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Rulani Mokwena: Arrows’ ‘clear structure’ means Sundowns know what to expect

Mahlatse Mphahlele Sports reporter
Manqoba Mnqgithi is in charge of Mamelodi Sundowns alongside co-coaches Steve Komphela and Rulani Mokwena.
Manqoba Mnqgithi is in charge of Mamelodi Sundowns alongside co-coaches Steve Komphela and Rulani Mokwena.
Image: Samuel Shivambu/Backpagepix/Gallo Images

Mamelodi Sundowns coach Rulani Mokwena says they know exactly what to expect and do when they meet Golden Arrows in their DStv Premiership match at Loftus on Wednesday.

The Brazilians‚ who go into this match on the back of their first loss of the season at the hands of Kaizer Chiefs‚ are looking to avoid another defeat that will see their advantage at the top of the standings reduced.

“We know the strengths and qualities of this team that we are facing‚” Mokwena said.

“We know the work that we need to do in order to be able to control Arrows in relation to their strengths and how to influence our playing philosophy on the match so that we can dominate ball and the pitch.”

Mokwena added that Arrows have a clear playing philosophy of keeping the ball and have been consistent.

“I think they have shown good consistency throughout the season. They are a good team with a clear playing philosophy‚ clear structure and in possession you know exactly how they set themselves up structurally from the build-up to use both centre halves‚” he said.

“And then they have a No.6 who is either Seth Parusnath or Gladwin Shitolo to come in and create possibilities and link up their attacking play and develop their play from the back. That is a clear sign of a team that wants to be in possession and teams that want to be in possession also have the possibilities to counter-press‚ which is clearly the profile of Golden Arrows.”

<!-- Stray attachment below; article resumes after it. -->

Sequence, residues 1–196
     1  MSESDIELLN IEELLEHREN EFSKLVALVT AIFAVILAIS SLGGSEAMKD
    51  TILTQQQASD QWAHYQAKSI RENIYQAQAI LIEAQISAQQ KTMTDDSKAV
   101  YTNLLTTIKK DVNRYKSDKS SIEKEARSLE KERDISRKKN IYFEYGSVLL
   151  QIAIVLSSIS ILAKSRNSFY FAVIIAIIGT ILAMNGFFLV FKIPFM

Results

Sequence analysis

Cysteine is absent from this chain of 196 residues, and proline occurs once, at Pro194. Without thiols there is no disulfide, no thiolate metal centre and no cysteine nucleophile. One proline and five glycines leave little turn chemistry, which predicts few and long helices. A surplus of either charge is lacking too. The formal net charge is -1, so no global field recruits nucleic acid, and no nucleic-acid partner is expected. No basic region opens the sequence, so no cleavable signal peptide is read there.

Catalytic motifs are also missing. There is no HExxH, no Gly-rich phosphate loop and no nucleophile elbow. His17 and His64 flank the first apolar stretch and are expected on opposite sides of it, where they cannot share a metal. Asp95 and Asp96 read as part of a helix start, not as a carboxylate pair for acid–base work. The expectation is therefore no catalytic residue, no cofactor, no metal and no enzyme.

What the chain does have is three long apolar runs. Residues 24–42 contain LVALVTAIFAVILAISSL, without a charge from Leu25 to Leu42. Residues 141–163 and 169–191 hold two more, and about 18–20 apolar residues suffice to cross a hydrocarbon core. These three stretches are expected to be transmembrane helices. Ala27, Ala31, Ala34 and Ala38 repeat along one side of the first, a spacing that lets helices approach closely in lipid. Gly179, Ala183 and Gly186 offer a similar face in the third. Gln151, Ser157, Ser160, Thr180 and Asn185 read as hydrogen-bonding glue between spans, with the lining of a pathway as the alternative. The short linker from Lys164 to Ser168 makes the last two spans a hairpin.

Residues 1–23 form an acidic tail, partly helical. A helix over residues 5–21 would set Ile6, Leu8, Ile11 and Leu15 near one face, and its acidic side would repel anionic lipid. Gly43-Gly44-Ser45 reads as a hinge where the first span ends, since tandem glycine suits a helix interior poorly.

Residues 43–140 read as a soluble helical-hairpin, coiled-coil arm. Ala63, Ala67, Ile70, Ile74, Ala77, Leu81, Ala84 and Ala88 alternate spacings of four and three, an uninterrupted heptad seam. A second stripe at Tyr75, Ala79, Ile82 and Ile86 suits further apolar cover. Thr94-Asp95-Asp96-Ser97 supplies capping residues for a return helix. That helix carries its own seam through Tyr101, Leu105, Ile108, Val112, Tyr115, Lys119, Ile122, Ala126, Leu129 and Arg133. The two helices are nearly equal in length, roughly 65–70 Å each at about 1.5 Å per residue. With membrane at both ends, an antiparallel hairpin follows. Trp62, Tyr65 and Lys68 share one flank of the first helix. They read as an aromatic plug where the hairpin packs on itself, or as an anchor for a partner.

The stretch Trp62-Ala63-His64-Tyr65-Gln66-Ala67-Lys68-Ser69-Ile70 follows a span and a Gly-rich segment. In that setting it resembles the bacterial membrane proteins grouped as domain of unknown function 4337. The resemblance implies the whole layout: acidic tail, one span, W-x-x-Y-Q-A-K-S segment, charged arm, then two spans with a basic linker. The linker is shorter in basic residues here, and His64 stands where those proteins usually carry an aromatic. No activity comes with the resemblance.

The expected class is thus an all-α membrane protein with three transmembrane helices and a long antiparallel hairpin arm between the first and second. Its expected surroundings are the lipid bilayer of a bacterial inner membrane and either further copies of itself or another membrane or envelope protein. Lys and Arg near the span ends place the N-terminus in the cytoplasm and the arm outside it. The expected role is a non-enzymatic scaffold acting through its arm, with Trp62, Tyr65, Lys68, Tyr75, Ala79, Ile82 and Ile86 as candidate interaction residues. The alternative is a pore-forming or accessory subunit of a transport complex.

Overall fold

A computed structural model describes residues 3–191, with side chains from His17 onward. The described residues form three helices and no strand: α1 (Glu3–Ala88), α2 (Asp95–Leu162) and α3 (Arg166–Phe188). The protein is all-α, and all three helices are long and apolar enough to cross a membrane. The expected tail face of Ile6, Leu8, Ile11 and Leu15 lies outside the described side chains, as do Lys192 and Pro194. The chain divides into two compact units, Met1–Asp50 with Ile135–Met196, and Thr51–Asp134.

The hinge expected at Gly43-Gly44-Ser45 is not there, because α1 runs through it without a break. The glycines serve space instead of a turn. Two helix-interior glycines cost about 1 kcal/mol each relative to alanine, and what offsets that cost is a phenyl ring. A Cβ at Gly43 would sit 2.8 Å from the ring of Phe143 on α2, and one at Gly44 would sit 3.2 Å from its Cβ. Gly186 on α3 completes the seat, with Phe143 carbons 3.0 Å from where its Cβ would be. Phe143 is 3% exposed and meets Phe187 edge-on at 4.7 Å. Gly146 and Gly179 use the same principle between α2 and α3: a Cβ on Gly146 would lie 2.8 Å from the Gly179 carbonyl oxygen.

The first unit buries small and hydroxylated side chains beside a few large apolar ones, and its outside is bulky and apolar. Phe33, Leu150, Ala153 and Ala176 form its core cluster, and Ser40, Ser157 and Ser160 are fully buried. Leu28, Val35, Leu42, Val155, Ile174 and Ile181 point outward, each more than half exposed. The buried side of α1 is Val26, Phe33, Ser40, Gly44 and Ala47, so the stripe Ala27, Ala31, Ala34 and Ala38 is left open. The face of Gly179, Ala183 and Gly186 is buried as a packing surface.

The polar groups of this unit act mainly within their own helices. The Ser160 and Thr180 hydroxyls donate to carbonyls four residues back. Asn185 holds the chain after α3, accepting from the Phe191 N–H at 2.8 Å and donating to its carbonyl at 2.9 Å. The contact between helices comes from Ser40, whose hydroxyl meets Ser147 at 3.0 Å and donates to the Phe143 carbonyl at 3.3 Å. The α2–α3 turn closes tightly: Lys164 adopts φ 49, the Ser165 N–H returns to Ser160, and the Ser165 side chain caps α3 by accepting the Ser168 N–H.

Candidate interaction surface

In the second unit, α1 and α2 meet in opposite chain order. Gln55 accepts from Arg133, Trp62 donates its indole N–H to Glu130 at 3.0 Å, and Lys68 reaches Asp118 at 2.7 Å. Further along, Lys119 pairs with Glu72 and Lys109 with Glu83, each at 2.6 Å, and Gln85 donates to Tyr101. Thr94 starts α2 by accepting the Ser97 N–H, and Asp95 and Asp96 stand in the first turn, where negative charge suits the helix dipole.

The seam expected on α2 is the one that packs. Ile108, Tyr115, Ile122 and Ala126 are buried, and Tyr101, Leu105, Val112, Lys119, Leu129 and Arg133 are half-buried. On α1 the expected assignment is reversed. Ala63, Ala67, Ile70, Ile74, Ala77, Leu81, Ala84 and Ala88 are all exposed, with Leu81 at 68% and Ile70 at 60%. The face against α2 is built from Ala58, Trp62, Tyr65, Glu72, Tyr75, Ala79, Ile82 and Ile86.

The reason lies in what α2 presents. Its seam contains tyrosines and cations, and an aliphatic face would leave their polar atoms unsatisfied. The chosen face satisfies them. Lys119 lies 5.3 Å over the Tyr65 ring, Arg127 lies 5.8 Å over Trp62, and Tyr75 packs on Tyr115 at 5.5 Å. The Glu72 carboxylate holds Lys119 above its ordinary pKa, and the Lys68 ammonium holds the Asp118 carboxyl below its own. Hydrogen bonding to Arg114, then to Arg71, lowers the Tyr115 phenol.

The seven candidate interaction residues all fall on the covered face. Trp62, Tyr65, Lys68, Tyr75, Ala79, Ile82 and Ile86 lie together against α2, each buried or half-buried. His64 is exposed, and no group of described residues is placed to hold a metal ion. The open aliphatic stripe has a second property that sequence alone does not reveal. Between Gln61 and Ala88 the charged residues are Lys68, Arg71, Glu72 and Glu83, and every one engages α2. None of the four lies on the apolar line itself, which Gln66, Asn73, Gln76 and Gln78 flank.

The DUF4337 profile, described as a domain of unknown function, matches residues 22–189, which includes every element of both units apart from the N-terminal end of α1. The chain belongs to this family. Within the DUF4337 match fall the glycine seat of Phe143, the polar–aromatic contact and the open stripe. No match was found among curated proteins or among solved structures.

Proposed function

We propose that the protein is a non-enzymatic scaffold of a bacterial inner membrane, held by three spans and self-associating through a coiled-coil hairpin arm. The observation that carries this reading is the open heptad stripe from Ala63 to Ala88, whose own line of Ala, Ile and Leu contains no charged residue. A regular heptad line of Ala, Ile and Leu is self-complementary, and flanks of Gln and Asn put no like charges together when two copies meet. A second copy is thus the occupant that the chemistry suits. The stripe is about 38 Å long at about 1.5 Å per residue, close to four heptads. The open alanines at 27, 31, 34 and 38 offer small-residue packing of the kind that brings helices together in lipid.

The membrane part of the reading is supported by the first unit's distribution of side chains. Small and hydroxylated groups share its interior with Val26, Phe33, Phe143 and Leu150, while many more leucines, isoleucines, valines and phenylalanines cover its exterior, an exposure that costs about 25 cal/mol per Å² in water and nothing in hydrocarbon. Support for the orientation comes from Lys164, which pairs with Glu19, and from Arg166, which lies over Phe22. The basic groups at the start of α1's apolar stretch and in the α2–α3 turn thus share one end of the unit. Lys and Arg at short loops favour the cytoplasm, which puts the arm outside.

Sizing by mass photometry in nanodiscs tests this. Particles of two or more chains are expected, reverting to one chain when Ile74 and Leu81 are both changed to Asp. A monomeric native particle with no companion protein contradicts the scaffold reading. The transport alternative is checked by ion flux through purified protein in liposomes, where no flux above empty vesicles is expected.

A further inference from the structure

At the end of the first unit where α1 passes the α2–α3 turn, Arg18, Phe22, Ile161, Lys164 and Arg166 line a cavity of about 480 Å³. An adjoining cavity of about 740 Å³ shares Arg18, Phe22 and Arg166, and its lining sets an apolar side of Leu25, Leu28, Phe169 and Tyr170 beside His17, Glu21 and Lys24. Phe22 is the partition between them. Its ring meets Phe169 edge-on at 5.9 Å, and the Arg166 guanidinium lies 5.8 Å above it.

Mokwena said Arrows are on one of the quickest teams to get into the final third of the opposition‚ where they can hurt you if the defence is not switched on.

“The interesting thing about them is that the last 12 goals they have scored‚ 90 percent of them have come between the phase of regaining possession and attacking. They average about eight seconds to get into your final third – clearly they are a team that has facets where they can build‚ and out of possession they can hurt you.

“In transition they are extremely dangerous because this is how they kill opponents‚ but they have a very good profile with Pule Mmodi with good one-on-one possibilities in attack and you have to be very careful of that.

“Then you have Nduduzo Sibiya linking with other players like Michael Gumede‚ so on the attack they are very dangerous and have a midfield who are able to cover the ground.”